Scaling is really important in this era of 16, 32, and 64-core processors; many applications completely fail to scale past 16 cores, and even those that do exhibit much less than linear returns. As a result, those 16 highly clocked cores punch above their weight when it comes to real-world results - a 4.x GHz Zen 3 core isn't actually twice as fast as a 2.8 GHz Skylake core, but 16 4.x GHz Zen 3 cores can still outperform 28 Skylake cores because the 12 extra cores are doing less work.

...Except when it's not

The elephant in the room, of course, is single-threaded performance. Alder Lake outruns Zen 3 by about 20%, which is an enormous leap in x86 performance. For all intents and purposes, ADL is an 8-core CPU with 8 bonus cores that you can't really rely on. If you commit to the 8-core life (which encompasses a lot of applications), Alder Lake suddenly looks a lot more enticing, because 8 Golden Cove cores are 20% faster than 8 Zen 3 cores.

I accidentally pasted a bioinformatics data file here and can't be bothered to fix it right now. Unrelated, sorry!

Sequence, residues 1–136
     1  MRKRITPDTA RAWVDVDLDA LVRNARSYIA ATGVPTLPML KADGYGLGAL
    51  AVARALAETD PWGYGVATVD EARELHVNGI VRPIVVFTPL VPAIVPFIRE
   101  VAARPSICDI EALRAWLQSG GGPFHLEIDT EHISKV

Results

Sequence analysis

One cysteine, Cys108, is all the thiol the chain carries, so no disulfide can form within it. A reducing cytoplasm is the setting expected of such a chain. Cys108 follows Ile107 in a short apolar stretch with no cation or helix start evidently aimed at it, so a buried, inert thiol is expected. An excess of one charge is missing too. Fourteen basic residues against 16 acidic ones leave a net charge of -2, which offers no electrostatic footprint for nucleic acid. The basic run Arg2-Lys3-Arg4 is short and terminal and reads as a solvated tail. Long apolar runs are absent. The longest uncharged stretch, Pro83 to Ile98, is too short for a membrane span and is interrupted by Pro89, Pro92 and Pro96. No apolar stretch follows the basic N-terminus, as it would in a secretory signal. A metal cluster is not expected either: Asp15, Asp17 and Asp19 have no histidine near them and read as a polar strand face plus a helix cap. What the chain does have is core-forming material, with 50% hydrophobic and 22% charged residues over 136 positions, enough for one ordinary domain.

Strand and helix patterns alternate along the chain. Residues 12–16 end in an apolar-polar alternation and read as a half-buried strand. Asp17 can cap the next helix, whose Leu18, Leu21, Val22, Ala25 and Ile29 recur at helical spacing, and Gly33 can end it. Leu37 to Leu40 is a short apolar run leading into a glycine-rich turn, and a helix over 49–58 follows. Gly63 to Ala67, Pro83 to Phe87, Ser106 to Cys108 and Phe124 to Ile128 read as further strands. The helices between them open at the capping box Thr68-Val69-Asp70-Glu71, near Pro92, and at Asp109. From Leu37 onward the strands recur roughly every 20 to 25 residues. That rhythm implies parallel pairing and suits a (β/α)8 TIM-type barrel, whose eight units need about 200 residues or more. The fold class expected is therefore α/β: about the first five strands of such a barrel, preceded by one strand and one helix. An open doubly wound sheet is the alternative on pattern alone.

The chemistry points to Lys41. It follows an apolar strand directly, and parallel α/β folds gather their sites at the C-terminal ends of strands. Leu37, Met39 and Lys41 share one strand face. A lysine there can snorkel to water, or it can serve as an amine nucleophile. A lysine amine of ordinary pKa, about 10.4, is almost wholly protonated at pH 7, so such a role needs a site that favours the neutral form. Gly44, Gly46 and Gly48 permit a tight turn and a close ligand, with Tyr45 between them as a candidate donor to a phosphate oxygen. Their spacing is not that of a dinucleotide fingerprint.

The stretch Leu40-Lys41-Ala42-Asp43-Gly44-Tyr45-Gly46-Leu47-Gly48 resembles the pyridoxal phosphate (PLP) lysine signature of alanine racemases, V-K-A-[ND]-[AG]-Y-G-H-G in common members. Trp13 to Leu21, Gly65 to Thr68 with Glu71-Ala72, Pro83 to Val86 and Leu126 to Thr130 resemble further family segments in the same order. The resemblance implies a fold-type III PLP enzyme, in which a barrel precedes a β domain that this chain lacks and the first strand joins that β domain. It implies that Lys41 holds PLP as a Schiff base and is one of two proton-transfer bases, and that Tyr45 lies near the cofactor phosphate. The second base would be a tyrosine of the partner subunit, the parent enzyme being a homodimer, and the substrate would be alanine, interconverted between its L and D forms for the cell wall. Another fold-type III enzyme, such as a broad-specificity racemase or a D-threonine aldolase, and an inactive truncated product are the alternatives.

Of course, part of the reason why ADL can do this is because Intel 10 ESF ("7 nm") is a high performance node designed to scale to aggressive clocks at high voltages, and TSMC N7 is a SoC node designed for lower clocks and voltages. The price you pay is that those 8 Golden Cove cores draw twice as much power as 8 Zen 3 cores to perform 20% more work, which isn't very good engineering.

In the end, Zen 3 and Alder Lake are mostly complementary products. If your workflow is interactive content creation, gaming, or design work, ADL is right for you. If you're building a machine mostly to handle long renders and simulations, the 5950X is the best processor under $2000 for the job.

What about HEDT?